Skip to comments.Founder's Quotes: Washington's Warning of Today's Politics
Posted on 09/25/2008 6:43:00 AM PDT by Loud Mime
Our first president warned us specifically of the cult politics that threaten to take over our nation. About half way through his address he addresses this dangerous issue:
"I have already intimated to you the danger of parties in the State, with particular reference to the founding of them on geographical discriminations. Let me now take a more comprehensive view, and warn you in the most solemn manner against the baneful effects of the spirit of party generally.
This spirit, unfortunately, is inseparable from our nature, having its root in the strongest passions of the human mind. It exists under different shapes in all governments, more or less stifled, controlled, or repressed; but, in those of the popular form, it is seen in its greatest rankness, and is truly their worst enemy.
The alternate domination of one faction over another, sharpened by the spirit of revenge, natural to party dissension, which in different ages and countries has perpetrated the most horrid enormities, is itself a frightful despotism. But this leads at length to a more formal and permanent despotism. The disorders and miseries which result gradually incline the minds of men to seek security and repose in the absolute power of an individual; and sooner or later the chief of some prevailing faction, more able or more fortunate than his competitors, turns this disposition to the purposes of his own elevation, on the ruins of public liberty.
Without looking forward to an extremity of this kind (which nevertheless ought not to be entirely out of sight), the common and continual mischiefs of the spirit of party are sufficient to make it the interest and duty of a wise people to discourage and restrain it.
It serves always to distract the public councils and enfeeble the public administration. It agitates the community with ill-founded jealousies and false alarms, kindles the animosity of one part against another, foments occasionally riot and insurrection. It opens the door to foreign influence and corruption, which finds a facilitated access to the government itself through the channels of party passions. Thus the policy and the will of one country are subjected to the policy and will of another.
There is an opinion that parties in free countries are useful checks upon the administration of the government and serve to keep alive the spirit of liberty. This within certain limits is probably true; and in governments of a monarchical cast, patriotism may look with indulgence, if not with favor, upon the spirit of party. But in those of the popular character, in governments purely elective, it is a spirit not to be encouraged. From their natural tendency, it is certain there will always be enough of that spirit for every salutary purpose. And there being constant danger of excess, the effort ought to be by force of public opinion, to mitigate and assuage it. A fire not to be quenched, it demands a uniform vigilance to prevent its bursting into a flame, lest, instead of warming, it should consume.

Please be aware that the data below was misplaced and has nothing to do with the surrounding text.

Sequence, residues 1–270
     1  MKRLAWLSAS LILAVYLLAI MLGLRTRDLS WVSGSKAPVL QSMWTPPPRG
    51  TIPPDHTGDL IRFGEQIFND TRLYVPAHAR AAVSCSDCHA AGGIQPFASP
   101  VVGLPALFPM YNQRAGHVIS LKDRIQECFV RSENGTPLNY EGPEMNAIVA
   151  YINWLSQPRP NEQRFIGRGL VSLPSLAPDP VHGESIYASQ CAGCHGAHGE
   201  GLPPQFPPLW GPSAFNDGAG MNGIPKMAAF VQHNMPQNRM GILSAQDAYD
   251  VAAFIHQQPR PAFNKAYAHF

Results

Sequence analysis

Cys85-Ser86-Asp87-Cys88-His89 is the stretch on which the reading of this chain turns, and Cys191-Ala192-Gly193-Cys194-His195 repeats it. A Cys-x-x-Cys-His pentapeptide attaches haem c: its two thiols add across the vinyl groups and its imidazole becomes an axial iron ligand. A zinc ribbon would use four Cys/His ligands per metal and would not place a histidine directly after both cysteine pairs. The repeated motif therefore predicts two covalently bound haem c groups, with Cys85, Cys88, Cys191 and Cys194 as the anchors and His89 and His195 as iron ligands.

It is important, likewise, that the habits of thinking in a free country should inspire caution in those entrusted with its administration, to confine themselves within their respective constitutional spheres, avoiding in the exercise of the powers of one department to encroach upon another. The spirit of encroachment tends to consolidate the powers of all the departments in one, and thus to create, whatever the form of government, a real despotism. A just estimate of that love of power, and proneness to abuse it, which predominates in the human heart, is sufficient to satisfy us of the truth of this position. The necessity of reciprocal checks in the exercise of political power, by dividing and distributing it into different depositaries, and constituting each the guardian of the public weal against invasions by the others, has been evinced by experiments ancient and modern; some of them in our country and under our own eyes. To preserve them must be as necessary as to institute them. If, in the opinion of the people, the distribution or modification of the constitutional powers be in any particular wrong, let it be corrected by an amendment in the way which the Constitution designates. But let there be no change by usurpation; for though this, in one instance, may be the instrument of good, it is the customary weapon by which free governments are destroyed. The precedent must always greatly overbalance in permanent evil any partial or transient benefit, which the use can at any time yield.